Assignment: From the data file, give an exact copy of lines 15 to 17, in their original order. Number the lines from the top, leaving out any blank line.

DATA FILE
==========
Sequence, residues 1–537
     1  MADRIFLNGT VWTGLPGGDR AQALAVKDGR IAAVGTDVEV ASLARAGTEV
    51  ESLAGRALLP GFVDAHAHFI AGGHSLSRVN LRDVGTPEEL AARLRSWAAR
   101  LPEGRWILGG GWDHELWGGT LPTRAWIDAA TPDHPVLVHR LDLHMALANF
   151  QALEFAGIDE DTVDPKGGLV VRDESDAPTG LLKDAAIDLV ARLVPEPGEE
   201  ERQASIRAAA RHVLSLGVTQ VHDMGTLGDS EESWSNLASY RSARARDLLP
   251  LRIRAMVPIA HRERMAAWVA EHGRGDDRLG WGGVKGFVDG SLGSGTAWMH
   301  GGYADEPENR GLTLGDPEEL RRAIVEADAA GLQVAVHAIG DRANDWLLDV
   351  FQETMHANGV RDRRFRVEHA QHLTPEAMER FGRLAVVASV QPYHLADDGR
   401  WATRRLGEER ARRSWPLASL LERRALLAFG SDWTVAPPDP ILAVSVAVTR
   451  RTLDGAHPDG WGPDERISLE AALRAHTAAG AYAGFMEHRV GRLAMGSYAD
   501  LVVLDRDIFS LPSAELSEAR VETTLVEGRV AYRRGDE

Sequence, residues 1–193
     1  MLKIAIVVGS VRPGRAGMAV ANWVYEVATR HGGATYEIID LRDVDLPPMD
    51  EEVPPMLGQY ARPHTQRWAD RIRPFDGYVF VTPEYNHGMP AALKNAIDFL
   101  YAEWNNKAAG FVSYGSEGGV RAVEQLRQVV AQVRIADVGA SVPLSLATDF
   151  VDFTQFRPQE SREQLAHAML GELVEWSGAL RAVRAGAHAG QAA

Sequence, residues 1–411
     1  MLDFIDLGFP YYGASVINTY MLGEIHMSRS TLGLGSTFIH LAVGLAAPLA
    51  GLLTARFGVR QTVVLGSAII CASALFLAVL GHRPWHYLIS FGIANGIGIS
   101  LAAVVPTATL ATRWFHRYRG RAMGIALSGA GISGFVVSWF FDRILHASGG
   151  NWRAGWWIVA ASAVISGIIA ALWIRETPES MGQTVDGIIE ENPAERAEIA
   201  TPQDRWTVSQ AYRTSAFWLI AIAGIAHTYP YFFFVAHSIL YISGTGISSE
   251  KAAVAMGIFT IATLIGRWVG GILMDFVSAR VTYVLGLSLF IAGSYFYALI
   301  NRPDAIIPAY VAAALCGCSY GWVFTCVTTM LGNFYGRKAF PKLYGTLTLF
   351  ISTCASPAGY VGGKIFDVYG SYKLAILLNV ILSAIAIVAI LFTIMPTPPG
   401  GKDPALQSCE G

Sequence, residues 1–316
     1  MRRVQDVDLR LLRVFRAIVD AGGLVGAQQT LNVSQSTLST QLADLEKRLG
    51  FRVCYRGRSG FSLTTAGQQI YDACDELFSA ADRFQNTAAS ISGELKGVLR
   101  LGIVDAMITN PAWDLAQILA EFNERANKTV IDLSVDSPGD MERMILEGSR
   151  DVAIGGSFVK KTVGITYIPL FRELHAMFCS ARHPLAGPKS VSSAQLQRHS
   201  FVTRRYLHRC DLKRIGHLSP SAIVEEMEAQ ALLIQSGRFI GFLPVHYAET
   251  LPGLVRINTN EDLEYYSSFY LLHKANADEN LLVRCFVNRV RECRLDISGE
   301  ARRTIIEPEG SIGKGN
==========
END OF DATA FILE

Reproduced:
    51  EEVPPMLGQY ARPHTQRWAD RIRPFDGYVF VTPEYNHGMP AALKNAIDFL
   101  YAEWNNKAAG FVSYGSEGGV RAVEQLRQVV AQVRIADVGA SVPLSLATDF
   151  VDFTQFRPQE SREQLAHAML GELVEWSGAL RAVRAGAHAG QAA